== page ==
Martin Roth
Kirkland & Ellis
Commercial and mergers-and-acquisitions Litigation

At the age of 38, Kirkland & Ellis' Martin Roth has earned a reputation as a leader in his field. That's impressive for a lawyer with such a relatively young career. 

Just ask Michael Chapman, general counsel for the cleaning products company Diversey in Fort Mill, South Carolina. He worked with Martin and Kirkland & Ellis on a post-deal indemnification dispute. Martin was impressive throughout the case, Chapman said. And he helped the client earn a result that exceeded its expectations. 

"Martin always kept the team on track and focused on the end goal," Chapman said. "He was calm and assured throughout. His intellectual analysis of the legal issues is second to none, but he also has an innate business understanding, enabling the legal advice to be perfectly positioned in a commercial context."

What are the secrets to Roth's success? His peers point to his fearlessness. He's not afraid to try major cases for big-name clients. And when he tries cases he's prepared. He has a long track record of notching positive verdicts and settlements for his clients. 

Roth also isn't afraid to tackle cases focusing on a wide variety of issues. While many younger litigators focus on just one or two industries, Roth's diverse trial practice spans the private equity, real estate, pharmaceutical and oil and gas businesses. 

During his career, Roth has tried and won cases for BP, Sycamore Partners and Bixby Bridge Capital. He recently won his first jury trial as a first-chair trial lawyer in California state court, besting another Chicago firm and a trial team led by lawyers nearly twice his age. He's earned winning results for clients such as Delta Airlines, Rio Tinto and former NBA player Derek Fisher. 

Back when Roth was just 32, he led a matter against the City of Ridgeland, Mississippi, that involved a discriminatory attempt to rezone and phase out apartment complexes occupied by minorities without paying their owners or tenants just compensation. After aggressive litigation, resulting in the intervention of the U.S. Department of Housing and Urban Development, the city revoked the offending zoning provisions and agreed to send its employees to fair housing and anti-discrimination training.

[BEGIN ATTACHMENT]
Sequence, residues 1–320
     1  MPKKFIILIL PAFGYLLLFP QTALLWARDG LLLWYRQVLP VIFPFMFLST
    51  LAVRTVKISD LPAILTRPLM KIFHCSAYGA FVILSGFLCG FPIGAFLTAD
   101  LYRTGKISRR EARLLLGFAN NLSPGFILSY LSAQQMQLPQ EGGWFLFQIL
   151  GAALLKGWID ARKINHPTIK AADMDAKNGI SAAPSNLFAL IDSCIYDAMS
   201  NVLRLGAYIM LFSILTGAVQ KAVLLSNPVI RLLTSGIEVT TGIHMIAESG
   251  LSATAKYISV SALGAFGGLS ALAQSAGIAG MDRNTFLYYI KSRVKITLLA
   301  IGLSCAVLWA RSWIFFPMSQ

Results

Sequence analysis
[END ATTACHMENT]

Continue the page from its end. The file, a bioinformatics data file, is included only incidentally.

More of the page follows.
Neal Reenan, with Latham & Watkins, worked with Roth when the young attorney assisted him on a challenging contractual dispute for a major Kirkland client. He said that Roth displays legal skills and knowledge that bely his young age.

"Over the course of seven months, Martin helped me and our clients understand the complex legal, regulatory, commercial and practical issues involved, and together we were able to reach a productive business settlement," Reenan said. "The client and I were very impressed with Martin’s skill as a litigator, but equally importantly, as a business-minded lawyer who knew how to call balls and strikes and advise our clients on strategy."

Roth has also established himself as a leader at his firm. He is actively involved in the development and growth of Kirkland’s transactional risk insurance practice and is also a member of the Kirkland Institute of Trial Advocacy and the firm's recruiting committee. 

When not serving his clients, Roth devotes significant time to community service. He served as pro bono amicus counsel in the Fisher v. University of Texas U.S. Supreme Court case and mentors law students through the Leadership Council on Legal Diversity. Roth previously served as president of the American Jewish Committee's ACCESS Chicago Board. 

"Martin is a superb lawyer," said Tinos Diamantatos, an attorney with Morgan Lewis & Bockius LLP. "He is a unique triple-threat lawyer who is incredibly smart, has the ability to think quickly on his feet and adapt to any legal challenge presented to him, and also translate his thoughts to short, effective, beyond persuasive legal arguments. He is a tremendous trial attorney and incredibly affable. It is no wonder that he has had a meteoric rise at one of the top litigation firms in the country while still maintaining an even personality.”